• Trigger mental health struggles, which may arise from all the negative consequences of a dismissal

There is no way to fully calculate the toll of a dismissal. After all, what is the true cost when your personal and professional goals suddenly come crashing down?

We'd prefer that you don't find out the answer to this question. Our team will work hard to secure an acceptable resolution, allowing you to move forward without the threat of dismissal (or other sanctions) hanging over you.

Appealing a Ruling of Dismissal

Appeals processes can vary significantly between universities in Wisconsin. Milwaukee School of Engineering (MSOE) explains how students suspended for poor academic performance may submit a written appeal to the Student Advancement Committee. The committee may then request a “face-to-face” meeting with the student before ruling on the appeal.

This is just one example of how appeals can work. Our team will determine how your school handles appeals for the specific issue at hand. If you are still eligible to do so, we will file your appeal promptly. An appeal must generally:

  • State the precise reason for appeal
  • Include any specific evidence that supports the appeal
  • Reach the appropriate recipient within a specified timeframe

We're very familiar with completing appeals. Even if your appeal is not successful, we'll continue to explore other options for resolving the pending threat of suspension, dismissal, or other sanctions.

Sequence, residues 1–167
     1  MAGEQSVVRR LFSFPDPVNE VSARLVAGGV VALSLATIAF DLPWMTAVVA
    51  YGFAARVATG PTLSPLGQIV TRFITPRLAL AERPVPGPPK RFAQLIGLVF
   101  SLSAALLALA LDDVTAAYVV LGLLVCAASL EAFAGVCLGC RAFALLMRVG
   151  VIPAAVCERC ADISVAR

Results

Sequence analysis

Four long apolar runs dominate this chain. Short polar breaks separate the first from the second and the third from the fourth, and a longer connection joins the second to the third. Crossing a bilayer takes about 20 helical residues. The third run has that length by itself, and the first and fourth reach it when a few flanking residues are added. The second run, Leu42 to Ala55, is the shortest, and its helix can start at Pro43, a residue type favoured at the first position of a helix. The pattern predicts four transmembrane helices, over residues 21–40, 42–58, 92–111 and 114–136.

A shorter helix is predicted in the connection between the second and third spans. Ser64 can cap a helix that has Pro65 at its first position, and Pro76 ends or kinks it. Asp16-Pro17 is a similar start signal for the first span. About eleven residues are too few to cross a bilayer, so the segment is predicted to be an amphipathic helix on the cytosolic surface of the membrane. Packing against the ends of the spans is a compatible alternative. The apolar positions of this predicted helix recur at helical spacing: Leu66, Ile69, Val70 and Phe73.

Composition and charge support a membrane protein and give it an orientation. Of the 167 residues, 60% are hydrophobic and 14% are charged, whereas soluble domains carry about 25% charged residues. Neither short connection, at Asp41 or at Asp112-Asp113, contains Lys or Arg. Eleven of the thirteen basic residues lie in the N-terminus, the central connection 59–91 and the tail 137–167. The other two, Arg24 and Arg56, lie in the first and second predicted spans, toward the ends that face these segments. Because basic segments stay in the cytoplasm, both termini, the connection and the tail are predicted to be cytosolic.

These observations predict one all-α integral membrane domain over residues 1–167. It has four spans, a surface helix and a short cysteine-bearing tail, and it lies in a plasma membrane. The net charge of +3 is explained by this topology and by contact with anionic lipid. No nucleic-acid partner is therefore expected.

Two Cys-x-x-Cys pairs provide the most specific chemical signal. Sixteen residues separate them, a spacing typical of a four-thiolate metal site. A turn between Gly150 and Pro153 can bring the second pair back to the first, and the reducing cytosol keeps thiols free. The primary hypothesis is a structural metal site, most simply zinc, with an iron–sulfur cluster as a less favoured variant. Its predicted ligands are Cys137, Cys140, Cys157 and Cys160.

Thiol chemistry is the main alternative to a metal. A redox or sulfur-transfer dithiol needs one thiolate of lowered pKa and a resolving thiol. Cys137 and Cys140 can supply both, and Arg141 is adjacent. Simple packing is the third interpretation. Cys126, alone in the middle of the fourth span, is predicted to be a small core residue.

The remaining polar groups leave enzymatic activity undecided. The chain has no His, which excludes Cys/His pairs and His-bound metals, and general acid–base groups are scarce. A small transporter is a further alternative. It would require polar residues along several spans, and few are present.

How an Attorney-Advisor May Seek Alternate Solutions to Dismissal

Having handled thousands of cases where students are facing serious consequences from their university, we know that there are many ways to untangle a difficult situation. While we may obtain a positive outcome through your school's traditional disciplinary procedures, this is not always possible.

We may reach out to your university's Office of General Counsel (OGC). This office is the university's legal representative, who may be able to resolve your case directly. Rather than starting negotiations by claiming that we're going to file a lawsuit against the university, we prefer to use more tact. In many cases, an OGC is more than willing to negotiate in good faith.

At some universities in Wisconsin—especially smaller ones—counsel may only be one or two people. This is the case at Lawrence University in Appleton, which lists a single contact as its “University Counsel.” Regardless of whether we're dealing with a team of attorneys or a single lawyer, we will negotiate tirelessly to resolve your case favorably.

Retain an Experienced Attorney-Advisor Serving Wisconsin

When you're facing any sanctions from a university in Wisconsin, finding an experienced attorney-advisor should be your first priority. Please, don't just settle for the “local” attorney.

Experience is critical in cases like yours. The Lento Law Firm has successfully represented students across the country, and we're familiar with public and private universities throughout Wisconsin. Though a local attorney may know of your school, they may have little or no applicable experience in the field of student discipline defense.

Time is of the essence, and our team is ready to help you now. Call the Lento Law Firm today at 888.535.3686 or contact us online.